Comeback Off The Plains: Looking back on Bo Nix’s incredible journey ahead of the 2024 NFL Draft

The “Comeback On The Plains” is one of the most fascinating stories in recent SEC college football history.

Mississippi State and Mike Leach’s Air Raid offense turned heads as the Bulldogs overcame a 28-3 deficit to ultimately defeat Auburn, 43-34.

But one of the biggest storylines of it all was quarterback Bo Nix’s season-ending injury, which was met with condolences from the entirety of the college football landscape.

It was a dark time but it would be the starting point of something that can only truly be called “The Comeback Off The Plains,” which would prove to be an even longer-lasting and more profound storyline.

Once flying under the radar, only a few had a clue that Nix would soon skyrocket into a Heisman Trophy candidate in the first-round NFL Draft conversation.


Bo Nix entered the transfer portal and officially announced his commitment to Oregon in December of 2021, embarking on a new journey for both himself and his wife, Izzy.

He loved Auburn, and had his fair share of success in the SEC – winning SEC Freshman of the Year, leading the Tigers to a 2019 victory over Alabama in the Iron Bowl and directing victories over five ranked SEC opponents across his nearly three seasons, but says he simply needed to part ways for a “different experience.”

He was received well by the Oregon staff, as offensive coordinator Will Stein clearly remembers.

“From the minute he stepped on campus, he was accepted for who he is. I think Dan (Lanning) is a low ego guy and he accepted everything about Bo,” Stein said.

He came with his flaws, Stein notes, but there was more than just a solid foundation to work with. His potential was able to come out more in an environment he felt comfortable in.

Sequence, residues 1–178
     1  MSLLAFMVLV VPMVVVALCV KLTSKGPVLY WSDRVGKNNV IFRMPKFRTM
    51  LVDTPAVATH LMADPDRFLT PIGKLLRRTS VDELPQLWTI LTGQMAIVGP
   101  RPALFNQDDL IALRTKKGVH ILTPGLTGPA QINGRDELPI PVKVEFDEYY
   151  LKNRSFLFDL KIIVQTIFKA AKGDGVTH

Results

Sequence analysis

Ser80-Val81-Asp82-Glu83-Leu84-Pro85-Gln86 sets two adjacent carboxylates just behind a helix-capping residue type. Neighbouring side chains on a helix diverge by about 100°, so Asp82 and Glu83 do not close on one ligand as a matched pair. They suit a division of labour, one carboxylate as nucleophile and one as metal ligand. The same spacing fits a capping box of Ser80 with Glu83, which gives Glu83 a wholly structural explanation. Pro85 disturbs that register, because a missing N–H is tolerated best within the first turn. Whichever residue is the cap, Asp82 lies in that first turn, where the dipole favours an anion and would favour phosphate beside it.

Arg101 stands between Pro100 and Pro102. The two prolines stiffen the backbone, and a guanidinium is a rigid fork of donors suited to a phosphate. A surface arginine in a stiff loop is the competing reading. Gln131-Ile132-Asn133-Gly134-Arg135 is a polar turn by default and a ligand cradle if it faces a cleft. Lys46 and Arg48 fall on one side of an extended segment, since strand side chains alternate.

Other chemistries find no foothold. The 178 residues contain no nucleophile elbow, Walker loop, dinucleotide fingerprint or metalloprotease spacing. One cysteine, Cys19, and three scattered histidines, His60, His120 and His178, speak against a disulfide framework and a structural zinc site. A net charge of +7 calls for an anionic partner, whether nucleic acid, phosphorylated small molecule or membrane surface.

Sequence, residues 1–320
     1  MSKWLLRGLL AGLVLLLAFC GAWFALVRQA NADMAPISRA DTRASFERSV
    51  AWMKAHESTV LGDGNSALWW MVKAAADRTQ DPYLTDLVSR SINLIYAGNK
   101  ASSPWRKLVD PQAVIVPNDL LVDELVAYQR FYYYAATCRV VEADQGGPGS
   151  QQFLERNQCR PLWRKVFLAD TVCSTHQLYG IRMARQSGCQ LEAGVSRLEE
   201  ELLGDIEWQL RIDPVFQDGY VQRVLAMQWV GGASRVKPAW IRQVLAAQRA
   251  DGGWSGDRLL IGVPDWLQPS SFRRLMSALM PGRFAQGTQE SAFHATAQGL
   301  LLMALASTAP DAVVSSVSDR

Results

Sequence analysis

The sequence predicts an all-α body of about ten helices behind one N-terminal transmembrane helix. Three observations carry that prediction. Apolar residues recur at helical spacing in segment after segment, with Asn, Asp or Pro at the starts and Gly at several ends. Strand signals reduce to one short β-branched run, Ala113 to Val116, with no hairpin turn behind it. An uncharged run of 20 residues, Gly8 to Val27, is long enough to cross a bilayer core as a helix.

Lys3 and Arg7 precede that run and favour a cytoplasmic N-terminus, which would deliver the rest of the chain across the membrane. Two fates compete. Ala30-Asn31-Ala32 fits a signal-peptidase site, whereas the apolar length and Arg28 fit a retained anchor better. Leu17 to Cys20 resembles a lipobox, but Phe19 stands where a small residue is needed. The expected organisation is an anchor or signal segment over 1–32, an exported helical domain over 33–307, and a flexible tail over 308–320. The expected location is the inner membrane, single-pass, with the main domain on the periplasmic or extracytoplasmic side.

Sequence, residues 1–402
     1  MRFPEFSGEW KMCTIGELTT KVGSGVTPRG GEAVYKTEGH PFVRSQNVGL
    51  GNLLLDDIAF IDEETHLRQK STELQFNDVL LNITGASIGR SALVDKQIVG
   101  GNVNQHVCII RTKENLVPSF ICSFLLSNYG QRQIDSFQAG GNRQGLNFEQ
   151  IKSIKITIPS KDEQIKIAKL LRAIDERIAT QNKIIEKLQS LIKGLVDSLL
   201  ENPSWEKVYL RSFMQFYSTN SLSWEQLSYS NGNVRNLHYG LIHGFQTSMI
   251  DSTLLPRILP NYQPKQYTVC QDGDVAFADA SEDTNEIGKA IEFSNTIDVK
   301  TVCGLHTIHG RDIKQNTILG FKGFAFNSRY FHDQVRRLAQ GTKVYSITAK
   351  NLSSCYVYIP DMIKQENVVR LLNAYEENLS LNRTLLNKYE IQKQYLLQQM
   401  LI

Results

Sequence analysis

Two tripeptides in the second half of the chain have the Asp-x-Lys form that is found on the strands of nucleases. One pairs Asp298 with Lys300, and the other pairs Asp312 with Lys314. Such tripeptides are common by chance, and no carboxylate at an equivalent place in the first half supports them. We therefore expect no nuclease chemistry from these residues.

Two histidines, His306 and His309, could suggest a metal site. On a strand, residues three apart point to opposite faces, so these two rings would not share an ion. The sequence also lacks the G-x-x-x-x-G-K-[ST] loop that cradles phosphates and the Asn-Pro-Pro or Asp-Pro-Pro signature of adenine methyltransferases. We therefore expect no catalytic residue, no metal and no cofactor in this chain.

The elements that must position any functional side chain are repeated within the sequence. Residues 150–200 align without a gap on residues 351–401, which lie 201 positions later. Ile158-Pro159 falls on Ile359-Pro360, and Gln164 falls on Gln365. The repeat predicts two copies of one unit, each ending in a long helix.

“Nobody is perfect and I think his situation at Auburn was that he was trying to be perfect,” Stein said. “He was able to be himself out at Oregon. He was away from family, away from close friends, able to really just hunker down and focus on being great every single day. And he was.”

Many were skeptical about Nix due to the ups and downs and overall lack of consistency he and the Tigers had as they struggled to find their rhythm. But factors beyond Nix’s control played a role – including two head coaches and three different offensive coordinators in his three years with the program – and playing several games in his final season on a broken ankle. With full health and more stability in Eugene, he found a steady rhythm in no time and completed 71.9% of his passes for 3,593 yards with 29 touchdowns and 7 interceptions.

He only built upon that in 2023, completing 77.4% of his attempts for 4,508 yards with 45 touchdowns and just 3 interceptions.

It was a stark contrast from his time at Auburn, where his completion rate varied between 57.6% and 61% in season totals.

There were a lot of things that went into that rise, Nix says. Freedom and flexibility within the offense were the name of the game. When Nix was given more on his plate, he progressively played better.

“It was all about having the answers and having the ability to find solutions to the problems and get us in the right play or to get the ball to the right spot,” Nix said. “Once I had that, I started playing really good.”